I joined the Labour Party Young Socialists and Militant (now the Socialist Party) because of my class hatred for the system which benefited the rich and condemned us to poverty.
Grenfell Tower is a monument to decades of cuts under Thatcher, Blair, Cameron, etc. It is a man-made disaster, a slaughter of working class people, killed because of the quest for corporate profit.
It is 40 years since I left that area yet North Kensington/Notting Dale is still one of the poorest areas in Britain - nearly 60% child poverty - while the super-rich still live at the top of the hill and are even richer.
Don't get angry, get even. Let's ensure that those responsible for these deaths are jailed. But also it is the whole rotten system of capitalism that's to blame.
Let's sweep away this system and build a new socialist order, based on the type of human solidarity that the people of North Kensington have shown in response to the deaths.
More than 60 people dead in a huge forest fire in Portugal. They say it was unforeseeable and unavoidable, but year after year these tragedies are repeated.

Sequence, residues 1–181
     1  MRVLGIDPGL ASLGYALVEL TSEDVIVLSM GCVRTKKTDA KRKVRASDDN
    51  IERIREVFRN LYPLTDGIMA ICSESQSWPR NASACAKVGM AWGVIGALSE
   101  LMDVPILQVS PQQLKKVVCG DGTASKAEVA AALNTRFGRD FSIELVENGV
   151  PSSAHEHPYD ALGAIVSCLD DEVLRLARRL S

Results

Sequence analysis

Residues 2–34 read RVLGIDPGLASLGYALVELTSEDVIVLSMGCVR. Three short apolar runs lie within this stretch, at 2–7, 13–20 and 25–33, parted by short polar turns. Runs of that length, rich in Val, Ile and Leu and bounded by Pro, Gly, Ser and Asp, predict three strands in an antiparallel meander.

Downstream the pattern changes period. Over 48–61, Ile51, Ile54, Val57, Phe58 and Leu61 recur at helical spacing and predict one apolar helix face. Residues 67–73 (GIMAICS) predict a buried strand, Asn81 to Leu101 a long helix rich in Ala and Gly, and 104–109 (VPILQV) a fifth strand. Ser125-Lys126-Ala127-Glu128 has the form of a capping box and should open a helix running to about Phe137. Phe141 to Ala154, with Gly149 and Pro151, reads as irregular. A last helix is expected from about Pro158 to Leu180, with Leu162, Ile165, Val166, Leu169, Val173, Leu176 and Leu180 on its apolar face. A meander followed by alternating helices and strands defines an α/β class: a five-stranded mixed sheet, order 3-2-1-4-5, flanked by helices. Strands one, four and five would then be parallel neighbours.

Fire and emergency services have been depleted and cut to the bone through years of austerity, with brave firefighters being left to fend for their communities with a surreal lack of resources.
The lack of agrarian reform has left vast swathes of rural areas in the hands of private interests which are only about profit, not about maintaining and taking care of the forest to avoid this.
Every year tragedies like this happen in Portugal and we mourn the firefighters and ordinary people that perished and lost everything to the flames.
Every year the same empty words from capitalists and every year nothing changes. We need to mourn, but we need to organise to stop this happening again and again and again.
Solidarity with the people of Pedrogão and Figueiró, and with all the firefighters currently fighting the blaze. No more cuts in fire, emergency and civil protection services.
"The landscape of politics in the UK has changed for ever" is how the editorial in the NME describes the situation in Britain after 8 June. "Sometimes defeat can feel like victory... a new hope spread across the UK".
The main cover of the previous issue had a kindly and confident Jeremy Corbyn looking into the camera and the words: "We offer hope". In that issue, the editor-in-chief, Mike Williams, admits to having changed his mind about Corbyn. Among other things, "his silence during the Brexit campaigning annoyed me".